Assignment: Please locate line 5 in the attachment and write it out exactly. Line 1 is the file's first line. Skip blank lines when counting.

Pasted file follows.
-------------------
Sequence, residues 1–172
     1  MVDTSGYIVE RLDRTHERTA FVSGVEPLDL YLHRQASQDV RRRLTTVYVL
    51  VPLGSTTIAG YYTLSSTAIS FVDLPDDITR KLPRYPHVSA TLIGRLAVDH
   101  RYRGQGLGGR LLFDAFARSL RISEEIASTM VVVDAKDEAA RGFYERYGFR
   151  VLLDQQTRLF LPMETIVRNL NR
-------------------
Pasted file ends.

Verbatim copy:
   151  VLLDQQTRLF LPMETIVRNL NR